To maximize the success of flexible spending accounts, benefits managers need to clear up employees’ confusion and pass vital info along in the most efficient manner possible.
Here are several areas of flex accounts that often trip up employees:
- Contribution rates. More employees than you’d think are unclear about the actual meaning of a “pretax benefit,” like an FSA. Solution: Provide a concrete example for. For instance, ask employees how much they expect to pay for out-of-pocket medical expenses throughout the year, then show them how much they’d end up paying with tax.
Example: Three hundred dollars in an FSA would end up being roughly $384 of taxable income. Seeing an actual dollar amount in connection to the FSA can go a long way with on-the-fence staffers. (Note: Make sure employees are well aware of the maximum dollar/maximum salary percentage that can be contributed to your FSA.)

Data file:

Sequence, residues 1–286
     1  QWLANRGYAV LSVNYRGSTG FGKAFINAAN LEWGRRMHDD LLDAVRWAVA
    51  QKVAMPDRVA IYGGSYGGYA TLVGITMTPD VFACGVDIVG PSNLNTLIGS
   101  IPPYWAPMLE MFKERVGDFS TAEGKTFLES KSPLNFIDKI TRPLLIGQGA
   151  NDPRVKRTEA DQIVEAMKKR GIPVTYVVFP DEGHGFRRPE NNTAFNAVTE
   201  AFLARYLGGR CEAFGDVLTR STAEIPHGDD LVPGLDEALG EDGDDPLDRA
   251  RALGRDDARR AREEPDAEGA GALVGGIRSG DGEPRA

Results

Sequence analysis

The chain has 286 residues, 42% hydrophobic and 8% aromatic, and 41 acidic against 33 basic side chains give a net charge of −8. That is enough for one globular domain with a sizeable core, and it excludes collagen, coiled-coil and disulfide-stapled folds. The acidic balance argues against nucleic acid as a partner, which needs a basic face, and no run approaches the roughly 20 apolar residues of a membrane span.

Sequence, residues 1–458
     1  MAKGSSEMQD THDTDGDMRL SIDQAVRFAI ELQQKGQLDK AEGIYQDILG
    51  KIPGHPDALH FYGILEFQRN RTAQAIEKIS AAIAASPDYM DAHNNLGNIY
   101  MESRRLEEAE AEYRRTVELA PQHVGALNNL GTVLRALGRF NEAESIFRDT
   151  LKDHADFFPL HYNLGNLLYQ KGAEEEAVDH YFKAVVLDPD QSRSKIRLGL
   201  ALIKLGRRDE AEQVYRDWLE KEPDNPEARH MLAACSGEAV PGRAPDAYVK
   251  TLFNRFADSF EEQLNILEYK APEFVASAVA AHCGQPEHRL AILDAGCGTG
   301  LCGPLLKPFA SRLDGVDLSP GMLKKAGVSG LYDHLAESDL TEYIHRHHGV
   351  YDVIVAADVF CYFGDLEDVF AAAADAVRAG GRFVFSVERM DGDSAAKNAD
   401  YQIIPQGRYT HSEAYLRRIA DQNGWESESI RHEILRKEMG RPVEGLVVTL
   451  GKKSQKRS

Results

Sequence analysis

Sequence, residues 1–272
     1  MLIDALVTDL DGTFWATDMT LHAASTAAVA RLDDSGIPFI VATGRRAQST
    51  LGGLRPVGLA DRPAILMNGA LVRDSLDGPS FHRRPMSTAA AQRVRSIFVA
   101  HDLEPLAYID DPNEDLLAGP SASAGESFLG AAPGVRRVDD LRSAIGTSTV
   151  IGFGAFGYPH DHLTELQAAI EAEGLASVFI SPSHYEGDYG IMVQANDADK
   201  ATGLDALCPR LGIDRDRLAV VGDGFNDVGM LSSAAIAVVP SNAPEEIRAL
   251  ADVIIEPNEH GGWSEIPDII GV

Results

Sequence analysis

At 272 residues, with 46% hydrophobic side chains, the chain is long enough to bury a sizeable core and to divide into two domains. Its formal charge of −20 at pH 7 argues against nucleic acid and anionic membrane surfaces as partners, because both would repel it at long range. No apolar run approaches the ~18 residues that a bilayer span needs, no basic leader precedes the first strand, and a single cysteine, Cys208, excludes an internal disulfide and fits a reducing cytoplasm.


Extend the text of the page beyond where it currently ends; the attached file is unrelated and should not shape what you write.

- Eligible expenses. While most employees know that FSAs reimburse out-of-pocket costs that aren’t covered (i.e., co-pays, deductibles, vision, dental, etc.), some may not be aware that over-the-counter meds are also an eligible expense. The key is to ensure employees know all of the expenses their FSA money can be used to reimburse.
- Benefits combinations. Many firms offer additional pretax benefits, such as a 401(k). Encouraging employees to contribute to an FSA — even if it’s a very small amount — when your company has multiple pretax benefits gives them an added bonus. By placing money in multiple pretax benefits, employees effectively cut their taxable income.